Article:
Is a Keyless Lock as Good as a Regular Deadbolt?

Gemma Johnstone
Written by Gemma Johnstone
Updated July 19, 2021
Keyless door lock
Titikul_B/ Shutterstock.com

If you’re constantly losing your keys, maybe you’ll want to consider replacing your door’s deadbolt with a keyless lock system

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Although the locks used in keyless door entry systems and regular deadbolts are often the same, one uses smart technology or a keyless pad and the other relies on a physical key to unlock them. If your kids are always locking themselves out of the house and you don’t want to have to leave a key for them under the mat, maybe you're wondering if a keyless lock is a worthwhile investment. Find out the pros and cons of each lock type and whether a keyless lock works as well as a deadbolt.

How Do Keyless Locks and Regular Deadbolts Differ?

As the name suggests, the big difference between a keyless lock and a regular deadbolt is that you need a key for a deadbolt, while a keyless lock relies on a pin code, fingerprint scanner, or smart technology to unlock the door.

They also look different. A traditional lock fits into the door frame, while a keyless system sits outside the door frame. Keyless locks typically require batteries and often have a keypad on the front.

Which is Better: Keyless Locks or Regular Deadbolts?

Whether you opt for a keyless lock or a traditional deadbolt will depend on your personal preferences, budget, and lifestyle. Outlined below are some pros and cons of each style.

Convenience

When it comes to convenience, keyless locks have the upper hand. There’s no need to worry about losing your keys or having them clang around as you go for a run, and you won’t have to rake around in your bag or pocket to find them if you have your hands full with dogs, kids, shopping, or other bulky items. Many keyless systems light up, too, so you won’t struggle to find the key entry point when returning home in the dark.

Keyless locks aren’t foolproof, though. If they’re pin activated, it can be an issue if you or a family member forgets what the code is. Plus, if the battery runs out or a software update fails, you could be left out in the cold.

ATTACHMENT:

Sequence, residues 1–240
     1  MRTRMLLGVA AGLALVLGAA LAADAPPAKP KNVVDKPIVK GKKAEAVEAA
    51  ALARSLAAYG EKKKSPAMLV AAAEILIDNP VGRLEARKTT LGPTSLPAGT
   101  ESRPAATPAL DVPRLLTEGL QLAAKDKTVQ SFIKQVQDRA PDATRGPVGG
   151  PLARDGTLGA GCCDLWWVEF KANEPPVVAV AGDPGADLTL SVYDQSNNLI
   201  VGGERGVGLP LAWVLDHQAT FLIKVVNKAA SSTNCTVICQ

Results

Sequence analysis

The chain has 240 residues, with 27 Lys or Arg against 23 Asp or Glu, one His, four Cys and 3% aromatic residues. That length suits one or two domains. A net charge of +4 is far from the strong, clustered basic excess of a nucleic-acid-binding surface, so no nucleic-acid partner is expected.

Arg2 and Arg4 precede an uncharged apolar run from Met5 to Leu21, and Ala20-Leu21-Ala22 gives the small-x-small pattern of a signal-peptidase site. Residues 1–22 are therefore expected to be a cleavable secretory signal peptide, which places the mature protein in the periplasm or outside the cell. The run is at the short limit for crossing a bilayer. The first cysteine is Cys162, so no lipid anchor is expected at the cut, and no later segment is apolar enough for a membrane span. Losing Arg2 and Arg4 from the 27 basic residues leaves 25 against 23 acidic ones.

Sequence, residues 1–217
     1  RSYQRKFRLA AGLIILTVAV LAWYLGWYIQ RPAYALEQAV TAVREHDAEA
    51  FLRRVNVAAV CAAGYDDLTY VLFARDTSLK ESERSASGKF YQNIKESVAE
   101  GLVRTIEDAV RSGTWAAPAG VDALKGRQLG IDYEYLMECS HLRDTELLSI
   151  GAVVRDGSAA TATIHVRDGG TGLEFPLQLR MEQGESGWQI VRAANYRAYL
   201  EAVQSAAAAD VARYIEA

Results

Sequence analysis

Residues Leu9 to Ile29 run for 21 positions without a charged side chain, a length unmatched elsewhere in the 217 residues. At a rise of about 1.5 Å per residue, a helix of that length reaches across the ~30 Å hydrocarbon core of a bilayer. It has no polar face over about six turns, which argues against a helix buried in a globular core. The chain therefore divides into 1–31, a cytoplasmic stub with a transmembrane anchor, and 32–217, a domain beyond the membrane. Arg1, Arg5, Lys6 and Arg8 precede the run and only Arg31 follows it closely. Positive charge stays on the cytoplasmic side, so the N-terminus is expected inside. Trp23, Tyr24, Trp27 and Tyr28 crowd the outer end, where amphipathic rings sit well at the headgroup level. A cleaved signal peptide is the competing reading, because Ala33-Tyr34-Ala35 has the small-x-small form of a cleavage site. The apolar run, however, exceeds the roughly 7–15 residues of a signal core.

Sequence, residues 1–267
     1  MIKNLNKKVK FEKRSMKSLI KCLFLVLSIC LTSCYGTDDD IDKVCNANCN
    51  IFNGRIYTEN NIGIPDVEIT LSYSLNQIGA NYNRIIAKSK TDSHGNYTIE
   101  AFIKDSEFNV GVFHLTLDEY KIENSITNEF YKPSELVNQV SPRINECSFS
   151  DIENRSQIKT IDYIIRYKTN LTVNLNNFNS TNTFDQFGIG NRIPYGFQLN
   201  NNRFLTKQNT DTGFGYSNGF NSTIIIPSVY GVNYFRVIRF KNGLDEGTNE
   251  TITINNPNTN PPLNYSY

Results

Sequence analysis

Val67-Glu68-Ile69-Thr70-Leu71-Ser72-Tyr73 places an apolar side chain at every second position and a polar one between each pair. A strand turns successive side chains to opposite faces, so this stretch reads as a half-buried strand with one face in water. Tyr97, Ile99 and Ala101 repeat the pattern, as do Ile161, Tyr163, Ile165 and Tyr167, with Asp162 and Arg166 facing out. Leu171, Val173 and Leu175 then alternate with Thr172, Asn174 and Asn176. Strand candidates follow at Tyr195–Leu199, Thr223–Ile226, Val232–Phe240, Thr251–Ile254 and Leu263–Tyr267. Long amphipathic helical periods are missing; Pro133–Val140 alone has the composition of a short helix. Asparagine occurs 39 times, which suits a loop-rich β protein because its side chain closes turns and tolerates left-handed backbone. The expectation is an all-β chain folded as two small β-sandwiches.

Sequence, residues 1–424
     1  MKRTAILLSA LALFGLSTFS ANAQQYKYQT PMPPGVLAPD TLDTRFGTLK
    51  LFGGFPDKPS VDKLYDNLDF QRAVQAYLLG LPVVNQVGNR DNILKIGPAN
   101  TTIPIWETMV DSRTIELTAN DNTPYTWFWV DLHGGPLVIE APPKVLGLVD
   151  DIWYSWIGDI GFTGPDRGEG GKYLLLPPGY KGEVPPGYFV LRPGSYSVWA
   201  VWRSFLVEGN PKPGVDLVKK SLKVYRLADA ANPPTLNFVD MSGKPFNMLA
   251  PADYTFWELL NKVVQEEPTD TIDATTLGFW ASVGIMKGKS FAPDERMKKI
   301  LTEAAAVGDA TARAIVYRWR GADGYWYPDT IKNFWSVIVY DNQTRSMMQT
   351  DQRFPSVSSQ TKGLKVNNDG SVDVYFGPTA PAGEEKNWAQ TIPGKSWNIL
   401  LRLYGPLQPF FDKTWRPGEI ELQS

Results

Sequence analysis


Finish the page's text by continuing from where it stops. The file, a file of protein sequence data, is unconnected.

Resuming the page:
Ease of Access

Do you have a trusted dog walker, babysitter, cleaner, tradesperson, or friend who needs to access your home when you’re working or on vacation? Normally, this involves having a spare key cut or hiding the key somewhere outside the home. You also have the hassle of getting the key back when it’s no longer needed.

With a keyless locking system, you can provide them with the code for easier access. With some smart key technology, you can even supply different codes for each person via an app, and go a step further and program the times of day that specific codes allow them entry. You can then cancel them when individuals no longer require access to your home.

Some of the more sophisticated keyless lock apps also allow you to lock and unlock your door remotely. This is ideal if your kids have gone out of the house and forgotten to lock up, or you have an unexpected visitor and you want to let them in while they wait for you to return.

For homeowners with disabilities or dexterity issues, a sophisticated smart lock system can also be easier to use than a traditional key.

However, if you aren’t a tech fan, all these additional access features could be overwhelming. Sticking with a few spare keys may be an easier option.

Security: How to Determine the Quality of a Lock